In order to put Kabuki make-up on, the major things you need are pomade, liquid face-whitening makeup, itahake (flat brush), grease paint in red, black, brown, azure, etc., and beni (red lip color).

[How to do Kabuki make-up]

1. Surprisingly, the process of Kabuki make-up is simple. First, put pomade as undercoat on the entire face, neck, and decollete.

2. Put liquid face-whitening makeup in a bowl, and add water. Mix them well with the hake (brush).

3. Using the itahake brush, which is a wide brush, paint the face-whitening makeup over and over again on your eye brows so they won't show, and also the entire nose several times.

4. Paint the face-whitening on the entire face, neck, and decollete.

5. Press lightly on the parts you have painted white with a large sponge, in order to absorb some of the moisture.

6. Put black grease paint on the finger for “kumadori.” Draw them in rather straight lines, upwards to make them look kumadori-like.

7. Put red grease paint on the finger and draw lines from the inner corners of the eyes towards the outer canthus. Then straight lines from the outer canthus to the eye brows, and also straight lines from the inner corners to the eye brows.

8. Paint with beni in a way that the corners of the lips go downward. Now you have completed your “mukimi” make-up.

The point in doing Kabuki make-up is how you use the pomade as undercoating. Spreading it on the skin evenly will allow you to spread the whitening make-up on evenly, and also, it will prevent damage to the skin.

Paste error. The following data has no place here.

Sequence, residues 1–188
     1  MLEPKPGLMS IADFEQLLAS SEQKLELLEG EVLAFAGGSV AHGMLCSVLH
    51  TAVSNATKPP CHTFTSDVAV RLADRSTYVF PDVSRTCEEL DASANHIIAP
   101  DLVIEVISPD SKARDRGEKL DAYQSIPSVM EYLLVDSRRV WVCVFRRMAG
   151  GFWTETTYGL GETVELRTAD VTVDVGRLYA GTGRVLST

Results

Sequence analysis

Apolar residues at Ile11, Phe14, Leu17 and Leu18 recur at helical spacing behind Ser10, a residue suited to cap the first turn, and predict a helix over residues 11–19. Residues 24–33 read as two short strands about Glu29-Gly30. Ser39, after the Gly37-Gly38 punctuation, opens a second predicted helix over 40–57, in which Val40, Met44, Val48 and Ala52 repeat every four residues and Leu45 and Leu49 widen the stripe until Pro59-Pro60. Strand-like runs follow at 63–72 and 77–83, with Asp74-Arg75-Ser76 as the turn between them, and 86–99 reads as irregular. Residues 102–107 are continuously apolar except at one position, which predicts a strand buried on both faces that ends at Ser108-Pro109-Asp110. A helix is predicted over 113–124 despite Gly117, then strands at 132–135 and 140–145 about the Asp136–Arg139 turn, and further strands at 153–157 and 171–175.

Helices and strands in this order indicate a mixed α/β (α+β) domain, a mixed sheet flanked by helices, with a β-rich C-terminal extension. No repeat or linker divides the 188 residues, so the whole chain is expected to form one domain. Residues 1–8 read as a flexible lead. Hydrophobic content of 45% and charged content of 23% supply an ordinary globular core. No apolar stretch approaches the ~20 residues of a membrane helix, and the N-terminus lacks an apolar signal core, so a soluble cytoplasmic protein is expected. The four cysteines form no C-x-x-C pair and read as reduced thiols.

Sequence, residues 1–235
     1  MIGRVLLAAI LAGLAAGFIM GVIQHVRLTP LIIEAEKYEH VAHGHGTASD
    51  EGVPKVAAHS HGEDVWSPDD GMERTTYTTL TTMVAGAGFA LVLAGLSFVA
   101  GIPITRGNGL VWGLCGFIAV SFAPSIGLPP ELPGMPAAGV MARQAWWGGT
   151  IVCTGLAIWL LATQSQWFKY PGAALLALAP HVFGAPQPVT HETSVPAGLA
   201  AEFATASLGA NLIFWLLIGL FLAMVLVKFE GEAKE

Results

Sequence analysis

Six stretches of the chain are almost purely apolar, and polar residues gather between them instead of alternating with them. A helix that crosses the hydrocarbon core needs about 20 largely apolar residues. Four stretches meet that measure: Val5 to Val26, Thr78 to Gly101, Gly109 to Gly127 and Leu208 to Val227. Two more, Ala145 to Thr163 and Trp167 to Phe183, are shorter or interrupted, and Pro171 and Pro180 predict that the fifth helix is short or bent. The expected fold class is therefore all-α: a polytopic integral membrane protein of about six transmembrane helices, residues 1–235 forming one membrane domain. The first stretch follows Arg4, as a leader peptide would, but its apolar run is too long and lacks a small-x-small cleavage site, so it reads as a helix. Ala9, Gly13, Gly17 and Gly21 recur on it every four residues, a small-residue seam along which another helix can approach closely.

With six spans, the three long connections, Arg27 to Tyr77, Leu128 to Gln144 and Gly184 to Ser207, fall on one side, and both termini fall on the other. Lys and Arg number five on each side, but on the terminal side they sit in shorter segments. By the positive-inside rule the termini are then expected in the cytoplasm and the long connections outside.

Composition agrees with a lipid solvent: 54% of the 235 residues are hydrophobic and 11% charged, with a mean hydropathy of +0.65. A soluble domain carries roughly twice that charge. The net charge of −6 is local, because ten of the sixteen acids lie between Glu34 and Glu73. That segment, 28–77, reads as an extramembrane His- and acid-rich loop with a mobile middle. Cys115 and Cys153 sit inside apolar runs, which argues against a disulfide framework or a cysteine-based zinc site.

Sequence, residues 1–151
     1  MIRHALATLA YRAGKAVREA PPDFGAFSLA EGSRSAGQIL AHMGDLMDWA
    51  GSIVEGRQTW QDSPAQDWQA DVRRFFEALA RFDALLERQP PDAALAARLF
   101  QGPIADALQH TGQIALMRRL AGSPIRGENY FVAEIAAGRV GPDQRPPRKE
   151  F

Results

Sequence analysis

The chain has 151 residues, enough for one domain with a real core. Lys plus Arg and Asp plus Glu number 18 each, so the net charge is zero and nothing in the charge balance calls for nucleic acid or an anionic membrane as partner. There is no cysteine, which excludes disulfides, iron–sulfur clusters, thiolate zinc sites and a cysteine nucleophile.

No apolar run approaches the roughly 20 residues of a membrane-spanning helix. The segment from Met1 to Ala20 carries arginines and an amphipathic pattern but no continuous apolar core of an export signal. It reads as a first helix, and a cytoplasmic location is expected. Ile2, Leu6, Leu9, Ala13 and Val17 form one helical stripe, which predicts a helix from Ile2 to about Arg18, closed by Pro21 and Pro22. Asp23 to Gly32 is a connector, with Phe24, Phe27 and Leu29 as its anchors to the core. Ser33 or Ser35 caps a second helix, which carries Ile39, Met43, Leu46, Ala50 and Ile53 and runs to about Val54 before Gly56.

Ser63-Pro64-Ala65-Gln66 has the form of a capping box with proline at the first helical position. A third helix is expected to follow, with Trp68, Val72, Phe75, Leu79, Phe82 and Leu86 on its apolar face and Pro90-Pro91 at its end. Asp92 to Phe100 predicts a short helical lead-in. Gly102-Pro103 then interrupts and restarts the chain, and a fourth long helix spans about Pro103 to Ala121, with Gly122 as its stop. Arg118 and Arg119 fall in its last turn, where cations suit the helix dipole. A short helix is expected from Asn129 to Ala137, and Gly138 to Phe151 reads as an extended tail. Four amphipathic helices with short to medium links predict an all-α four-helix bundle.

Where can I buy the Kabuki face masks?

Isshindo Honpo's KABUKI FACE PACK which is designed kumadori is recommended to the people who find it difficult to put Kabuki make-up on. It was the official gift of the G7 Ise-Shima Summit 2016, an item representing Japan. The face pack's design has reproduced a realistic kumadori from Kabuki acts “Funabenkei” and “Shibaraku” under the supervision of Kabuki actor Matsumoto Koshiro.

Where can I buy the Kabuki face masks?
The sheet contains camellia seed extract, tea-leaf extract, Satozakura (prunus) extract, and other beauty ingredients. Not only has unique appearance, it also has a great ability as a beauty item.

Where can I buy the Kabuki face masks?2
Where can I buy the Kabuki face masks?3
You can be a Kabuki actor without putting on make-up. The price is 900 yen. Major stores you can find these products are Isshindo Honpo Skytree Solamachi Shop, Kabukiza Kobikicho Shop, all shops of Tokyu Hands and Loft.

Summary of Kabuki

From various angles, we have introduced you to the Japanese traditional entertainment of “Kabuki,” which has its origins in the Edo period. But Kabuki's true attraction is something you will have to see with your own eyes.

Depending on the theater and acts, “hitomakumi,” which are seats you can watch during one act only are available. It is a ticket sold on the day of the performance, and the price is reasonable, at around 1,000 yen each. This allows you to enjoy Kabuki when you suddenly have some spare time on your hands. Relax and enjoy Kabuki without too much hassle.

*The above information was last updated June 8, 2018. For further information, please contact the facilities directly.